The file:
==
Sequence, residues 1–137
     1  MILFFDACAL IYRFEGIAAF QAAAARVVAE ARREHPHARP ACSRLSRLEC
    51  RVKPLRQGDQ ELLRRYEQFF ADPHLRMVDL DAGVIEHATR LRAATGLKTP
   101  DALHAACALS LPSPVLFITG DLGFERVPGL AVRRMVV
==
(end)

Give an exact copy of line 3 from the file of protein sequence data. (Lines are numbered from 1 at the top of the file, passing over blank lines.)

    51  RVKPLRQGDQ ELLRRYEQFF ADPHLRMVDL DAGVIEHATR LRAATGLKTP